What does the World Happiness Index really tell us about happiness?
I took a look at the 2022 World Happiness Report during the weekend, hoping to take a break from the misery of wars from Ukraine to Yemen.
I found it pretty amusing and utterly depressing.
The fact that Finland, long a “buffer” state between Russia and the West, is crowned the happiest country in the world for the fifth consecutive year should give Ukrainians and the rest of us, pause.
Ukraine, which ranks 98, has come under Russian assault mainly or allegedly because it rejected the “buffer state” status, among other demands.
Switzerland and Austria, which ranked fourth and 11th respectively, have also been neutral states since the beginning of the Cold War.
But before we discuss the report’s findings, let us start at its beginnings.
According to its authors, the tiny poor Himalayan kingdom of Bhutan should be thanked for the “World Happiness Report” and for “much of the growing international interest in happiness”.
Well, it is not like until Bhutan intervened much of the world’s interest was focused on misery, but it may have emphasised the wrong indicators, considering that prosperous modernity has proven no guarantee for happiness and may well cause greater unhappiness.
At any rate, when Bhutan moved from an absolute to a constitutional monarchy in 2008, it also started to use gross national happiness (GNH) – which assesses “the collective wellbeing” of the population based on sustainable development, environmental conservation, cultural preservation and good governance – instead of the “antiquated” gross national product (GNP) as its main development indicator.
To quantify the people’s wellbeing, the Center for Bhutanese Studies began by surveying some 8,000 randomly selected households using a questionnaire of more than 200 questions about their personal lives and feelings. That must have been torture.
In 2011, the “Kingdom of Happiness” sponsored a UN resolution, inviting other governments to “give more importance to happiness and well-being in determining how to achieve and measure social and economic development”.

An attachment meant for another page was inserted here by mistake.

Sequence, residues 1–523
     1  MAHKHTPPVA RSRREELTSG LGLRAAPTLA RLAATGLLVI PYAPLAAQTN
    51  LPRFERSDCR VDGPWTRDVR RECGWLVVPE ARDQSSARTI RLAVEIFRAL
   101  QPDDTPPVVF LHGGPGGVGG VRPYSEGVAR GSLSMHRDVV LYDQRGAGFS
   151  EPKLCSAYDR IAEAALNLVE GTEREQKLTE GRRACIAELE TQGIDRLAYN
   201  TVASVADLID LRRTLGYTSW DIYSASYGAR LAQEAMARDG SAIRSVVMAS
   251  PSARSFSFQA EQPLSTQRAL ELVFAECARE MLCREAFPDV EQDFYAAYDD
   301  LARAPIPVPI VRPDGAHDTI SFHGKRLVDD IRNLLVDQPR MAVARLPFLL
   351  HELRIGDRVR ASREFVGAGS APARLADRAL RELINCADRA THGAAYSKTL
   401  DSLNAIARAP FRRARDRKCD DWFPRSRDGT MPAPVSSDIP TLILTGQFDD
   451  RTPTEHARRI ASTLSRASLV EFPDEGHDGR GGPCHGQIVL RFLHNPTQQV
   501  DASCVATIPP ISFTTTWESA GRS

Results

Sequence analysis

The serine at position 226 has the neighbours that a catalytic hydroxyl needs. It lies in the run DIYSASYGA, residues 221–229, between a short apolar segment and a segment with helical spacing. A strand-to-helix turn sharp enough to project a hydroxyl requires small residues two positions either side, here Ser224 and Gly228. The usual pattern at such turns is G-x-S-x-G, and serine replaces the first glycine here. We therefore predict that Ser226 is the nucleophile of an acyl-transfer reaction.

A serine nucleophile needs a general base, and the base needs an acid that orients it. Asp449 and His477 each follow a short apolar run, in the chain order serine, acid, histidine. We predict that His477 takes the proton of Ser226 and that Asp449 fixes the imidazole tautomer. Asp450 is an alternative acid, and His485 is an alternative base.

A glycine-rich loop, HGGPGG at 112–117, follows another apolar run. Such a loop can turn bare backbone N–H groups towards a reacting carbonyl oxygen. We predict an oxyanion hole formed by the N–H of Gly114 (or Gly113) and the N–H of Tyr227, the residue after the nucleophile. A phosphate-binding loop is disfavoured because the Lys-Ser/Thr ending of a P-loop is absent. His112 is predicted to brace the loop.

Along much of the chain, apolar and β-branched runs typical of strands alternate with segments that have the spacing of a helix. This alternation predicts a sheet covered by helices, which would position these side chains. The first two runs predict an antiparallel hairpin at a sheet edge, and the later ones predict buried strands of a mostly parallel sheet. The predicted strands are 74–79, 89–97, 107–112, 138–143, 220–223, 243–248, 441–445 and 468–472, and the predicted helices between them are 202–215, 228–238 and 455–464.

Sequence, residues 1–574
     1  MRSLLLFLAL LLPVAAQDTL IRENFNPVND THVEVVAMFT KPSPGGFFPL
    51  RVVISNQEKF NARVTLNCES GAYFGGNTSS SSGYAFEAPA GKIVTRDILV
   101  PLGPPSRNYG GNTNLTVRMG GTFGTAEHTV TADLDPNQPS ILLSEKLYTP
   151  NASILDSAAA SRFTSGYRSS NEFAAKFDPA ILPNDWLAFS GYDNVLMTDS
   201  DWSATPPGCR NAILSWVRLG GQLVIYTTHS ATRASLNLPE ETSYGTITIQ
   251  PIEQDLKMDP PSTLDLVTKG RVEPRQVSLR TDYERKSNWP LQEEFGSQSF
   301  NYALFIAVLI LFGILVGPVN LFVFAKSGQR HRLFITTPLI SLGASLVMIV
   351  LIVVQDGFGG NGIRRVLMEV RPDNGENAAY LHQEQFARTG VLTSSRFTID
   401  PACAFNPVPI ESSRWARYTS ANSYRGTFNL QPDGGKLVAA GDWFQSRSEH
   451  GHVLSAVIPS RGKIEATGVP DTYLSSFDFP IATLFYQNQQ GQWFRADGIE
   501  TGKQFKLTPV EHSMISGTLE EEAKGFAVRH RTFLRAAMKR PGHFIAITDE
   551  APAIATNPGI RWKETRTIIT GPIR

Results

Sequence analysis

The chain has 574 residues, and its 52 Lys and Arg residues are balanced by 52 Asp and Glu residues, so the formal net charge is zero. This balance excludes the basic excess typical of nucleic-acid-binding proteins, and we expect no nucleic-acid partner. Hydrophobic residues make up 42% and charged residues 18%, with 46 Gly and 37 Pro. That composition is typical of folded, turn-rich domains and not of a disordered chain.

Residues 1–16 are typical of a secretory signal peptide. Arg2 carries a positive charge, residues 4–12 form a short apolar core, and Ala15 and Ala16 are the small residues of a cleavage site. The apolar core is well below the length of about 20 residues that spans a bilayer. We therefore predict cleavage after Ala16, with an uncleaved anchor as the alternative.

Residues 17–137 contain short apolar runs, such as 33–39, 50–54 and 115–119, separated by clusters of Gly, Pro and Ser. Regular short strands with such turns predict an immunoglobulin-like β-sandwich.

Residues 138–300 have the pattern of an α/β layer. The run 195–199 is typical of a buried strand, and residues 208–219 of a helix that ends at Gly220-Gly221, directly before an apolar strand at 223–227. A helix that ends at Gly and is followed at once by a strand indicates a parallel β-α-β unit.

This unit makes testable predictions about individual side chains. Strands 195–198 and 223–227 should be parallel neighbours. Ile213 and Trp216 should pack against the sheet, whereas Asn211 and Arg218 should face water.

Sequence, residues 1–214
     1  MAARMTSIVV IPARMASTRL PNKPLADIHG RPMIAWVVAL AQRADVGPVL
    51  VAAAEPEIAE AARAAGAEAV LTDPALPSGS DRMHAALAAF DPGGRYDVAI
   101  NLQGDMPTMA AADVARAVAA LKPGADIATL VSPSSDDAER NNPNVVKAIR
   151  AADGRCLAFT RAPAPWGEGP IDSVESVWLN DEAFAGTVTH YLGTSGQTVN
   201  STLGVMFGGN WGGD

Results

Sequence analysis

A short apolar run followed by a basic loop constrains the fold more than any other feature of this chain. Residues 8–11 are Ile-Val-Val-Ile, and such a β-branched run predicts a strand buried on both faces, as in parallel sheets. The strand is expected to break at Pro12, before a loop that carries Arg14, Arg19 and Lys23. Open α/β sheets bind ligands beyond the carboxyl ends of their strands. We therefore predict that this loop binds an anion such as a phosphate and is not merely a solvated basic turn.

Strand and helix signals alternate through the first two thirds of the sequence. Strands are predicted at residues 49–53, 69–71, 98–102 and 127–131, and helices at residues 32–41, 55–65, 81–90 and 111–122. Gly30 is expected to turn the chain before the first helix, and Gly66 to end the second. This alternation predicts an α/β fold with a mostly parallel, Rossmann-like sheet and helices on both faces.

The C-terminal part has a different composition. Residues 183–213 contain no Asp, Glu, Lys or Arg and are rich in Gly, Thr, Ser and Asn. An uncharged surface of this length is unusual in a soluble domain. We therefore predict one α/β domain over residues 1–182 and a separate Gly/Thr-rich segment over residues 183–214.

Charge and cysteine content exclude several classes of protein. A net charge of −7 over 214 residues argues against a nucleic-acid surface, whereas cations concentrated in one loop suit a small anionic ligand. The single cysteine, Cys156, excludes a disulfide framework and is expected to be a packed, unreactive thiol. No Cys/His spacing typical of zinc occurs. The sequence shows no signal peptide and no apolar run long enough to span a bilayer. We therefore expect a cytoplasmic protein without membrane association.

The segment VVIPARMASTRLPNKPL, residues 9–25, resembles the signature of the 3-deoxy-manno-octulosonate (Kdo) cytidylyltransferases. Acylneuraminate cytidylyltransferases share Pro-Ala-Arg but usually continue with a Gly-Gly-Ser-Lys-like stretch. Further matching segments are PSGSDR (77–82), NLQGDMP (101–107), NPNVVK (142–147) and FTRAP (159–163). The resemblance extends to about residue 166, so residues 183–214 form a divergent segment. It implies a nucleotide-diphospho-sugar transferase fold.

And the following year, Bhutan, along with a number of academic enthusiasts of the newly created “happiness industry”, presented the UNGA with “evidence from the new emerging science of happiness”, paving the way for the UN proclamation of March 20th as International Day of Happiness.
I find “happiness day” and “happiness science” rather contrived, defeating the whole point of happiness as the end goal of all human endeavour, as the Ancient Greeks and Romans wisely observed, be it through the pursuit of virtue and justice, or the pursuit of pure pleasure.
Either way, the pursuit of happiness is only possible through the happiness of pursuit, or so goes the cliche.
At any rate, the first annual World Happiness Report saw the light in 2012 under the auspices of the United Nations – arguably the most constipated and miserable organisation the world over!
But joking aside, the report seemed to zero in on two possible sources of happiness: subjective preferences, related to culture, community and environment; and objective factors relating to wealth, health, security, education, etc.
I suspect the latter more objective indicators weigh heavily in the report’s ranking, and go a long way to explaining why the culturally introverted and largely reserved Nordic and other European states continuously make it to the top of the list. They are seemingly more “content” than happy, as per their own studies and surveys.
Sadly, the ranking of “Kingdom of Happiness” has gone from low to lower during the years, descending from 79th to 97th position.
And the one country famously associated with happiness other than Bhutan, “Happy Yemen”, had clearly not gotten the memo that year, as it plunged into civil war and turmoil, drawing in a Saudi and Emirati-led military intervention that produced “the worst humanitarian disaster of the 21st century”.